Wednesday, July 19, 2006

Some MS Partners receive TFS license

A very good news for MS partners announced few days ago by Rob Caron:

“In addition to the software benefits they currently receive (A Hitchhiker’s Guide to Visual Studio 2005 Team System for Microsoft Partners), members of the Customer Development Solutions (CDS) and/or ISV/Software Solutions competencies will now
receive one production use license for Visual Studio 2005 Team Foundation Server (the standard edition, not Workgroup) per organization.”

“…usage rights are limited to term of enrollment in the Microsoft partner program agreement and CDS or ISV/Software Solutions competency.”

Read the whole announcement here:

Since it was announced, more than a half a year ago, the decision not to offer a free server license for the Team Foundation Server to Partners, was controversial, to say the least. Last time I wrote about it, I did not consider it a showstopper for the introduction of the TFS in an organization, but surely it did not help.
Now, at last, at least for these two types of MS Partners (and the Partners with these two competencies will anyway benefit from the VSTS the most) nothing stays in the way of TFS anymore!


Anonymous Anonymous said...

While looking at 4 CDs in different languages with VSTF, I was wondering whats going on. Went to my "MS connection" inside organization - he had even less information than me.

Well, you cleared it up for me. Thanks. Athough, this is only VSTF I guess, we will still need VSTSystem for X or "Suite" to be able to get someting out of it? Also, is using VSTF "just" as a repository possible from "vanilla" VStudio2005, without adding "System" on top of it? Sorry if I'm talking nonsense, it was a while since I took a look at VSTS...

Cheers, Domagoj

Mon Aug 21, 02:59:00 PM GMT+2  
Blogger Ognjen Bajic said...

I am not sure what you have in mind, but I will try to answer. Correct me if I missed your point.

The only supported integrated way to access the TFS from Visual Studio 2005 is to use Team Explorer.
From different other client environments (Visual Studio .NET 2003, Visual C++ 6 SP6, Visual Visual Basic 6 SP6, Visual FoxPro 9 SP1, Microsoft Access 2003 SP2, SQL Server Management Studio, Sparx Systems Enterprise Architect 6.0, Sybase PowerBuilder 10.5) you might like to use Visual Studio 2005 Team Foundation Server MSSCCI Provider.

There are non-integrated options that would work together with VS 2005 as well (since they are not integrated in the VS shell, they work by definition with any version of VS :-) ):
TeamPlain – web access to the TFS (if you need the web access to the TFS TeamPlain is the solution; recommended)
TeamPrice – Java based client that works on windows and non-windows computers (Linux, Solaris, Mac OS X); current version 1.1; a preview of the future v2.0 looks very promising.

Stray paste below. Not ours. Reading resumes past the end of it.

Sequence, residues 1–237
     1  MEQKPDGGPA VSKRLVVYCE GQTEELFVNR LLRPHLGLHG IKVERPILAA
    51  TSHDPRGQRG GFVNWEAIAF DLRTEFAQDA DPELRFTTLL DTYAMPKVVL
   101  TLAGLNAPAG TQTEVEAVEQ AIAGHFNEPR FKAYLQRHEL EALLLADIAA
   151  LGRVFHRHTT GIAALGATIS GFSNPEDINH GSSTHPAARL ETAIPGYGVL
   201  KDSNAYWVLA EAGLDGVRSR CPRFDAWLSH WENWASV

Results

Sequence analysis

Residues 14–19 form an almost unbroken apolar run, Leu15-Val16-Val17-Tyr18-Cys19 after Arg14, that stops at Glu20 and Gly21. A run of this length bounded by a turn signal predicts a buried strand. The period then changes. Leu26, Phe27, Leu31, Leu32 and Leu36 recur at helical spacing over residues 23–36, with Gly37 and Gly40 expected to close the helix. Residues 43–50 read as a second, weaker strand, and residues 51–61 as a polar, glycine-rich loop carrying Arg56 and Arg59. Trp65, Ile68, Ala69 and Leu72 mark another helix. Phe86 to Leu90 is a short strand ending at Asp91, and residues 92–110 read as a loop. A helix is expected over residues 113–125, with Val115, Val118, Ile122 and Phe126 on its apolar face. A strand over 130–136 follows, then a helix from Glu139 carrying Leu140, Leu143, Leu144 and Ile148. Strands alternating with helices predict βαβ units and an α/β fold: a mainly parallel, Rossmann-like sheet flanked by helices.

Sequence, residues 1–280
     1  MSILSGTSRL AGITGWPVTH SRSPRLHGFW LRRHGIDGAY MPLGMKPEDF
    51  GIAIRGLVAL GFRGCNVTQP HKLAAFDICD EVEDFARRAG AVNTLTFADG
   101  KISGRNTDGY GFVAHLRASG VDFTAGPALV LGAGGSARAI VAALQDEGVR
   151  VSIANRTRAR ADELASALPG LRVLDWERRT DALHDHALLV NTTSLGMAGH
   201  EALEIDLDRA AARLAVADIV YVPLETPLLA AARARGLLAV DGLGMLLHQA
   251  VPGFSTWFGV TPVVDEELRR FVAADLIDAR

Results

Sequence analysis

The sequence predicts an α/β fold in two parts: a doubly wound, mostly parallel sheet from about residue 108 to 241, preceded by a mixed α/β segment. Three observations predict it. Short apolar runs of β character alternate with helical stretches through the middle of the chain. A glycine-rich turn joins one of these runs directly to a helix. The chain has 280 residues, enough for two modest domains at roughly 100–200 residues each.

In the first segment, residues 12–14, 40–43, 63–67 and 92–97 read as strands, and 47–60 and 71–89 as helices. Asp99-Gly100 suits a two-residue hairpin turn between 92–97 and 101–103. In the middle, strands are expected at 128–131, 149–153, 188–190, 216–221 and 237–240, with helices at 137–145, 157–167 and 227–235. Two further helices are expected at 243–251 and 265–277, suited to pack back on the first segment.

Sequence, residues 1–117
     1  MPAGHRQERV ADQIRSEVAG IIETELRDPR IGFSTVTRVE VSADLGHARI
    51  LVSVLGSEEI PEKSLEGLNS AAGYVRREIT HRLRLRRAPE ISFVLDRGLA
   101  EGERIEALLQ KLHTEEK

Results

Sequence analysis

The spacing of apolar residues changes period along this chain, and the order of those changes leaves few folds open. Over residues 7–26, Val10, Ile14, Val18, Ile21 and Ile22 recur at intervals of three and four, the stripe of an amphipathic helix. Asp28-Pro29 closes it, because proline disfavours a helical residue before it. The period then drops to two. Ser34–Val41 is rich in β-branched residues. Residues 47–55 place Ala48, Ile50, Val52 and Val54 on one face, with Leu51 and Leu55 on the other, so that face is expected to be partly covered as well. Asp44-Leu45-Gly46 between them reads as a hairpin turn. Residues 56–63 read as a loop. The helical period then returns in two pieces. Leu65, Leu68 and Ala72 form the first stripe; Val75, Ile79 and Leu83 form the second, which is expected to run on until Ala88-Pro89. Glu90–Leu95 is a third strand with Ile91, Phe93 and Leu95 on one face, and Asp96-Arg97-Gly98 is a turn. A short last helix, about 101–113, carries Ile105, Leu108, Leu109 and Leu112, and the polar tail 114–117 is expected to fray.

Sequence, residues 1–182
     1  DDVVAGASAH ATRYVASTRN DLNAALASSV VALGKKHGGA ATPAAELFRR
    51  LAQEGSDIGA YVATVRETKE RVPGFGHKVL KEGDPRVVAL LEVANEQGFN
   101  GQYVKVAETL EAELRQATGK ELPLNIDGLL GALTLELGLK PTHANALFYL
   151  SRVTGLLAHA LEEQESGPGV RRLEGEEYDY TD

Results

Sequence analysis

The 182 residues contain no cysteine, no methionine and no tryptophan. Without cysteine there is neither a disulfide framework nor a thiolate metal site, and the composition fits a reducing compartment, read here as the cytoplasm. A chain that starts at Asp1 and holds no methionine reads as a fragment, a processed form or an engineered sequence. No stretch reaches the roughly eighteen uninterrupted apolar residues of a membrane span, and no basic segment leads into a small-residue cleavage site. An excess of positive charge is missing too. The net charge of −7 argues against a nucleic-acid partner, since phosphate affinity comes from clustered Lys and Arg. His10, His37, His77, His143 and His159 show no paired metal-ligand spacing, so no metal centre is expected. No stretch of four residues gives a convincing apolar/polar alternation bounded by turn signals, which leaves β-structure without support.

If you don’t have one of “VS for *” versions of the Visual Studio in order to access the TFS, you will need to buy CALs separately. Normally, with each copy of “VS for *” the CAL is included in the price.


Wed Aug 23, 12:16:00 AM GMT+2  
Anonymous Anonymous said...

When you say "only supported integrated way to access the TFS from VS2005..".... it sounds to me like I need to use additional program/plugin through VS IDE? I am hoping that end-user (programmer in this case) dont have to be aware of actual technology - for example, he/she will try to work on a single file, get a dialog to check-out, and when he is done, check-in that file by selecting file in Solution Explorer and selection an option from menu? I realy hope that all this is not done through another program/plugin from that point of view....

And thx for all the info :). Since we got TSF in mail, right now we have to decide on what "line" of product to choose - VS for Developers/Architects/Testers... or maybe to wait for DataDude... We can choose one of those for being MS Gold Partner ... If only we could get whole "Suite" for free as Partner with enough Competencies - since we like serveral things in each of "lines" of product.


Wed Aug 23, 11:37:00 AM GMT+2  
Blogger Ognjen Bajic said...

Once installed Team Explorer looks and feels as if it were one with Visual Studio although there are two different setups.
Besides the integrated functionality that you describe, there is a new window (Team Explorer) where the user can work with documents, work items, reports and builds. However, I guess that you are interested in the source control only. Even if you want just the integrated source control (context menus entries for check-in, -out etc. in the solution tree in the solution explorer) you will need to install the Team Explorer. The end user experience will be just as you describe it.

And for the Suite or no Suite question – even the additional competencies don’t help. :-) Sorry, I am can’t say that I am happy with the options myself.

Wed Aug 23, 12:21:00 PM GMT+2  
Anonymous Anonymous said...

Well, only recently did MS announce that we have right for TSF! Maybe they will change current politics and allow us to get it through one or another way of partnership.

Anyways, right now I'm about to purchase a server that I will dedicate to be a TSF backend, will play a bit with it and then start to push it throughout my organization.

Oh, and I'm not only interested in TSF as a sourcecontrol, I want so much more :) But, I will go in small steps here, sourcecontrol is the first thing to do :)


Fri Aug 25, 10:45:00 AM GMT+2  

Post a Comment

<< Home